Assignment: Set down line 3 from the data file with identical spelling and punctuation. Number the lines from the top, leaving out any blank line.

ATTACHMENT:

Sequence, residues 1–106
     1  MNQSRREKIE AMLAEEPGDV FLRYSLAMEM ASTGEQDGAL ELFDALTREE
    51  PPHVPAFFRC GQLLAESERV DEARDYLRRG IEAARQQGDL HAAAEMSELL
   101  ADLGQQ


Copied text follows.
    51  PPHVPAFFRC GQLLAESERV DEARDYLRRG IEAARQQGDL HAAAEMSELL